Archive for September, 2022

Properties of luminous red supergiant stars in the Magellanic Clouds

S. de Wit, A.Z. Bonanos, F. Tramper, M. Yang, G. Maravelias, K. Boutsia, N. Britavskiy, and E. Zapartas

There is evidence that some red supergiants (RSGs) experience short lived phases of extreme mass loss, producing copious amounts of dust. These episodic outburst phases help to strip the hydrogen envelope of evolved massive stars, drastically affecting their evolution. However, to date, the observational data of episodic mass loss is limited. This paper aims to derive surface properties of a spectroscopic sample of fourteen dusty sources in the Magellanic Clouds using the Baade telescope. These properties may be used for future spectral energy distribution fitting studies to measure the mass loss rates from present circumstellar dust expelled from the star through outbursts. We apply MARCS models to obtain the effective temperature (Teff) and extinction (AV) from the optical TiO bands. We use a χ2 routine to determine the best fit model to the obtained spectra. We compute the Teff using empirical photometric relations and compare this to our modelled Teff. We have identified a new yellow supergiant and spectroscopically confirmed eight new RSGs and one bright giant in the Magellanic Clouds. Additionally, we observed a supergiant B[e] star and found that the spectral type has changed compared to previous classifications, confirming that the spectral type is variable over decades. For the RSGs, we obtained the surface and global properties, as well as the extinction AV. Our method has picked up eight new, luminous RSGs. Despite selecting dusty RSGs, we find values for AV that are not as high as expected given the circumstellar extinction of these evolved stars. The most remarkable object from the sample, LMC3, is an extremely massive and luminous evolved massive star and may be grouped amongst the largest and most luminous RSGs known in the Large Magellanic Cloud (log(L∗/L⊙)∼5.5 and R=1400 R⊙).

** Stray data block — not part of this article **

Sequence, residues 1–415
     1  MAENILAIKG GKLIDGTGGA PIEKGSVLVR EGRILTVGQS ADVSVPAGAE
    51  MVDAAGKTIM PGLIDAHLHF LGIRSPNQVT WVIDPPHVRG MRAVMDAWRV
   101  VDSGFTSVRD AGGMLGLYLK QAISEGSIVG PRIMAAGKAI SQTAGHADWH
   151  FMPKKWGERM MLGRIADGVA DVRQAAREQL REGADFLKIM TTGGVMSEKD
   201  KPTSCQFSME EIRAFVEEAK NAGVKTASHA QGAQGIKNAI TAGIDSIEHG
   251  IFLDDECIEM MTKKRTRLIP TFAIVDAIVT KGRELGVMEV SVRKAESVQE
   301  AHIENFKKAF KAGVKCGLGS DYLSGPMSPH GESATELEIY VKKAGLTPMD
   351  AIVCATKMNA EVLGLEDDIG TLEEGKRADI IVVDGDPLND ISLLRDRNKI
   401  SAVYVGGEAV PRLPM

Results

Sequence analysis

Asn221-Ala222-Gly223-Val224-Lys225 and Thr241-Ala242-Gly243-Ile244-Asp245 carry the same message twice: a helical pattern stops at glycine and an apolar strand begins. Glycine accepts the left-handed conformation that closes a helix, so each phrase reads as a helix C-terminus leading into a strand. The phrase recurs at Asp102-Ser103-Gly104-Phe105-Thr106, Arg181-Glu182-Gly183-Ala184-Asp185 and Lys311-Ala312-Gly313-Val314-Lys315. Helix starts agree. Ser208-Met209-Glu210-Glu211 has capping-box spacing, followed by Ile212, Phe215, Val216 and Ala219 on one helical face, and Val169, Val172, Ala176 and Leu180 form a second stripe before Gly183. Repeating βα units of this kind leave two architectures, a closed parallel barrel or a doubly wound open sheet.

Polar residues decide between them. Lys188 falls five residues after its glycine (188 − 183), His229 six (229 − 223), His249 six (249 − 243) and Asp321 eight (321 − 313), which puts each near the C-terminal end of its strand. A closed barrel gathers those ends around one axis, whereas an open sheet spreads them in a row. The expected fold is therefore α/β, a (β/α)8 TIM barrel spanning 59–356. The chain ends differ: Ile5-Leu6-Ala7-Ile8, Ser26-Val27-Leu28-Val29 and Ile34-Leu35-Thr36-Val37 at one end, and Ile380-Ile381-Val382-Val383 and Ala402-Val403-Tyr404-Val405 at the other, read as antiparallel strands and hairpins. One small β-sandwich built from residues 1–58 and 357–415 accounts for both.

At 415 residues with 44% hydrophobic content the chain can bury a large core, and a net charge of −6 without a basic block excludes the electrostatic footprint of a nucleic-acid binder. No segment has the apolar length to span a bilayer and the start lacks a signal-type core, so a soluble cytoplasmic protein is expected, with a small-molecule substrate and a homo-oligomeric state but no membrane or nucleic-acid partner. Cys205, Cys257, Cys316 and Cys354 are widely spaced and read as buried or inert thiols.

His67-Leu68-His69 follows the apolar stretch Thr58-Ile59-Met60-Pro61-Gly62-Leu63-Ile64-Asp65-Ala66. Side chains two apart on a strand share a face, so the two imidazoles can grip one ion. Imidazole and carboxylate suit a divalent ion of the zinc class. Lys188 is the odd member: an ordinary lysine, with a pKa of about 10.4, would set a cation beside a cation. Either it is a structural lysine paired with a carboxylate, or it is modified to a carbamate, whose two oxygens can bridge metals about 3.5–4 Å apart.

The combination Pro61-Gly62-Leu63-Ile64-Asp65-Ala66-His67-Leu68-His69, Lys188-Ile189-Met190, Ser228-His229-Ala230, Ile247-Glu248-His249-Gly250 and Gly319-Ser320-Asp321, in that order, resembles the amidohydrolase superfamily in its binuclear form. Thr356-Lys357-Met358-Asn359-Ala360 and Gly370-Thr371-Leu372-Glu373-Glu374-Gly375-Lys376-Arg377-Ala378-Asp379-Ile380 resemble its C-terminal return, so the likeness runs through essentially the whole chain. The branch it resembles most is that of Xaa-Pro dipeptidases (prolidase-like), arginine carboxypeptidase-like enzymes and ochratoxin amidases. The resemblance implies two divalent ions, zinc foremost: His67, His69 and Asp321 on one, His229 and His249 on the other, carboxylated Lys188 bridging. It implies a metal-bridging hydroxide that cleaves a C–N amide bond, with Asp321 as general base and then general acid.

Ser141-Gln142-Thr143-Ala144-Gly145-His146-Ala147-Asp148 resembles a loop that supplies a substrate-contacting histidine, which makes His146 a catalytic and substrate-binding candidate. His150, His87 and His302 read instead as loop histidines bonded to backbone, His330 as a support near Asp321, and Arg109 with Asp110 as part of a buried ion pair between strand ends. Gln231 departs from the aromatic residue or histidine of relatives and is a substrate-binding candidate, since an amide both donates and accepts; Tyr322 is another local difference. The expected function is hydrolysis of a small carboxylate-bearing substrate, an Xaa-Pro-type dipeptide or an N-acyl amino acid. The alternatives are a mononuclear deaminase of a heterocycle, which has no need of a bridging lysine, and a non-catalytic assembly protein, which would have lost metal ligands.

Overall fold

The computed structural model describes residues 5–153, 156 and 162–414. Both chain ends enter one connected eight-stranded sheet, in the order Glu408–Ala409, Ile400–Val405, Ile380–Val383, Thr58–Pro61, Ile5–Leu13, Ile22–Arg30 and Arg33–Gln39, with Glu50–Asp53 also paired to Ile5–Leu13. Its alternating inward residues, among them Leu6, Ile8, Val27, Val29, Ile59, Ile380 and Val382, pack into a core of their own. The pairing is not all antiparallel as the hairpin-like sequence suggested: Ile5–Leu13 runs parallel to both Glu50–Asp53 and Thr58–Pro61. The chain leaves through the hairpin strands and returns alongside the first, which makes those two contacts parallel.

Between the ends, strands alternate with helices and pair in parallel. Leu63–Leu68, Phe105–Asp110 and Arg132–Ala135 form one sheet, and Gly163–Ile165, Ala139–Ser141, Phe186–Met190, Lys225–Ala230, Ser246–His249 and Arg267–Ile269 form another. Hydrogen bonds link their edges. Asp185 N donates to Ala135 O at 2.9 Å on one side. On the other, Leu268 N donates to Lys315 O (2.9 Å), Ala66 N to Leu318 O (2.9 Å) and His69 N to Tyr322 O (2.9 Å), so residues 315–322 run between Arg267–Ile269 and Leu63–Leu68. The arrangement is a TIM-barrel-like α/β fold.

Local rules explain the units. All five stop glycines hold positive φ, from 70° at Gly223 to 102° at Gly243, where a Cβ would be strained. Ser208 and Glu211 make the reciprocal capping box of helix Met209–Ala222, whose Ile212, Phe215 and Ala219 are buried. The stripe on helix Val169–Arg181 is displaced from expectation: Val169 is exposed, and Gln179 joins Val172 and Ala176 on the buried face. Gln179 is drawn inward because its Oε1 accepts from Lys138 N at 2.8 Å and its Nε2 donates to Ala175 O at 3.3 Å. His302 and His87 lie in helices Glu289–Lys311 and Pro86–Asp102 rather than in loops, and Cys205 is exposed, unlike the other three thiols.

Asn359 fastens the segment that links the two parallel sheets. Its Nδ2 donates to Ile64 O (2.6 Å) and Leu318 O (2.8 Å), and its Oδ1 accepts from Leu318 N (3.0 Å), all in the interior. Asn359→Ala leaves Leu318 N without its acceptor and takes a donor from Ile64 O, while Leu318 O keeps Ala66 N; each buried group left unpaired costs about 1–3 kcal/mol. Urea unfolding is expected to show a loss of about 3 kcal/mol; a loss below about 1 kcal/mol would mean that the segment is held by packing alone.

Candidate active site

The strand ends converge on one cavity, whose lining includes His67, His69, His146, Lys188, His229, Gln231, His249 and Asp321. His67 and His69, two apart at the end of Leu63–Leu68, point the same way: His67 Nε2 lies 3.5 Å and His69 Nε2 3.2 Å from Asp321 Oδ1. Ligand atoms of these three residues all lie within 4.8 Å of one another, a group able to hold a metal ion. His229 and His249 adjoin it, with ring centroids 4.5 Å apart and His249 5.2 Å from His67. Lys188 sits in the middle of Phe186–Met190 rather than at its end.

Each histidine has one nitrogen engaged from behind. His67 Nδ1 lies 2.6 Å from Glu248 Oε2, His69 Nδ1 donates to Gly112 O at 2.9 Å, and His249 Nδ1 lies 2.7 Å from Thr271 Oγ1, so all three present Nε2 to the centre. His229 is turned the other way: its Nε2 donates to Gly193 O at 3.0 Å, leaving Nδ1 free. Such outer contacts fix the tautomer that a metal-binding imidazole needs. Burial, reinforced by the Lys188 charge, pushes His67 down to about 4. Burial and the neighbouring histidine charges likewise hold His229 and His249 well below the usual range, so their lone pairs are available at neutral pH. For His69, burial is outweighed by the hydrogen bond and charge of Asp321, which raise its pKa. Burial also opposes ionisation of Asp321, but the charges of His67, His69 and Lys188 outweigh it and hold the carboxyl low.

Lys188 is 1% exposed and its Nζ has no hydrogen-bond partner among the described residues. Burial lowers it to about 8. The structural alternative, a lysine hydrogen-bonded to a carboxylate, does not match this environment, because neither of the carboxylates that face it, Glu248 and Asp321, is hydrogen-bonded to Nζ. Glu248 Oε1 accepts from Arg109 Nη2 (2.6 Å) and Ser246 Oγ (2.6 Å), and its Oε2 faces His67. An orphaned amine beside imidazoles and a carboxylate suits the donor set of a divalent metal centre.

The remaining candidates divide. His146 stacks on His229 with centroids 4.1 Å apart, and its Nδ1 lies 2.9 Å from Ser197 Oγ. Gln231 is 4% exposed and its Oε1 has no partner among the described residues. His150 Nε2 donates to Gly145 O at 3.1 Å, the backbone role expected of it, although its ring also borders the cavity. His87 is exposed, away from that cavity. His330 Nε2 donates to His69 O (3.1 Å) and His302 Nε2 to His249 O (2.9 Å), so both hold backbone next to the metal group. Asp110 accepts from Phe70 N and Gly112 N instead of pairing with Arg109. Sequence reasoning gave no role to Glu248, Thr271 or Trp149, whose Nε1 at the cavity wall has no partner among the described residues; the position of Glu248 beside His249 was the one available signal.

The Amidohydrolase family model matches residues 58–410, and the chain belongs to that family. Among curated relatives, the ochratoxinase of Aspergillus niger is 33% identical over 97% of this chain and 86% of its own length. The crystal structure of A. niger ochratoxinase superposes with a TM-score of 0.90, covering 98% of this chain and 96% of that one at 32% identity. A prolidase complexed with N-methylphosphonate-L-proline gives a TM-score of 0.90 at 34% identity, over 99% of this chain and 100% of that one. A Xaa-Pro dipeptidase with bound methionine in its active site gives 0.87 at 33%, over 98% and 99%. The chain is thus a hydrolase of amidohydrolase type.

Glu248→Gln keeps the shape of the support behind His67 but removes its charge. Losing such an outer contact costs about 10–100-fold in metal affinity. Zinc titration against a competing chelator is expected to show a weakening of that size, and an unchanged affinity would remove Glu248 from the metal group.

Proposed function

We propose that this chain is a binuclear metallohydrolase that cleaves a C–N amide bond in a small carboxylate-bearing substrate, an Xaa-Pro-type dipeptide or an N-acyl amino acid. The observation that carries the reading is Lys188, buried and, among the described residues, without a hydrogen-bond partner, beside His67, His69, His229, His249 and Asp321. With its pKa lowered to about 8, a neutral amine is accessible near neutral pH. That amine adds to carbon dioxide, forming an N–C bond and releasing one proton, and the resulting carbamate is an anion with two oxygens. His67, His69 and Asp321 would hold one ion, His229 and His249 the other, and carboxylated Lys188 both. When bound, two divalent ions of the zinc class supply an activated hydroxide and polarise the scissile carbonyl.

Fig. 9: Top: HRD indicating the locations of our LMC targets with inverted red triangles. The Teff for all data points was derived through the TiO method. Smaller light grey squares and stars are objects from Levesque et al. (2006) and Davies et al. (2013), respectively. For the two outliers we have extended the uncertainty assuming a shift of 0.3 mag in the K−band (dotted vertical error bar) instead of only the propagated uncertainty, to visualize the effect of intrinsic variability. The colour map represents the central 12C mass fraction, while the nodes on the track again indicate a step of 104 years

arXiv: 2209.11239

This is actually a preview of what will follow after the first paper of the machine-learning classifier. We put it into action to get predictions for a number of galaxies and we start exploring the results. Of more interest is the fractions of the populations with metallicity, although a more detailed study is needed to take care of all caveats.

Using machine learning to investigate the populations of dusty evolved stars in various metallicities

Grigoris Maravelias, Alceste Z. Bonanos, Frank Tramper, Stephan de Wit, Ming Yang, Paolo Bonfini, Emmanuel Zapartas, Konstantinos Antoniadis, Evangelia Christodoulou, Gonzalo Muñoz-Sanchez

Mass loss is a key property to understand stellar evolution and in particular for low-metallicity environments. Our knowledge has improved dramatically over the last decades both for single and binary evolutionary models. However, episodic mass loss although definitely present observationally, is not included in the models, while its role is currently undetermined. A major hindrance is the lack of large enough samples of classified stars. We attempted to address this by applying an ensemble machine-learning approach using color indices (from IR/Spitzer and optical/Pan-STARRS photometry) as features and combining the probabilities from three different algorithms. We trained on M31 and M33 sources with known spectral classification, which we grouped into Blue/Yellow/Red/B[e] Supergiants, Luminous Blue Variables, classical Wolf-Rayet and background galaxies/AGNs. We then applied the classifier to about one million Spitzer point sources from 25 nearby galaxies, spanning a range of metallicites (1/15 to ∼3 Z⊙). Equipped with spectral classifications we investigated the occurrence of these populations with metallicity.

The fractions, of the predicted class members over the total sample size for each galaxy, with metallicity.

arXiv: 2209.06303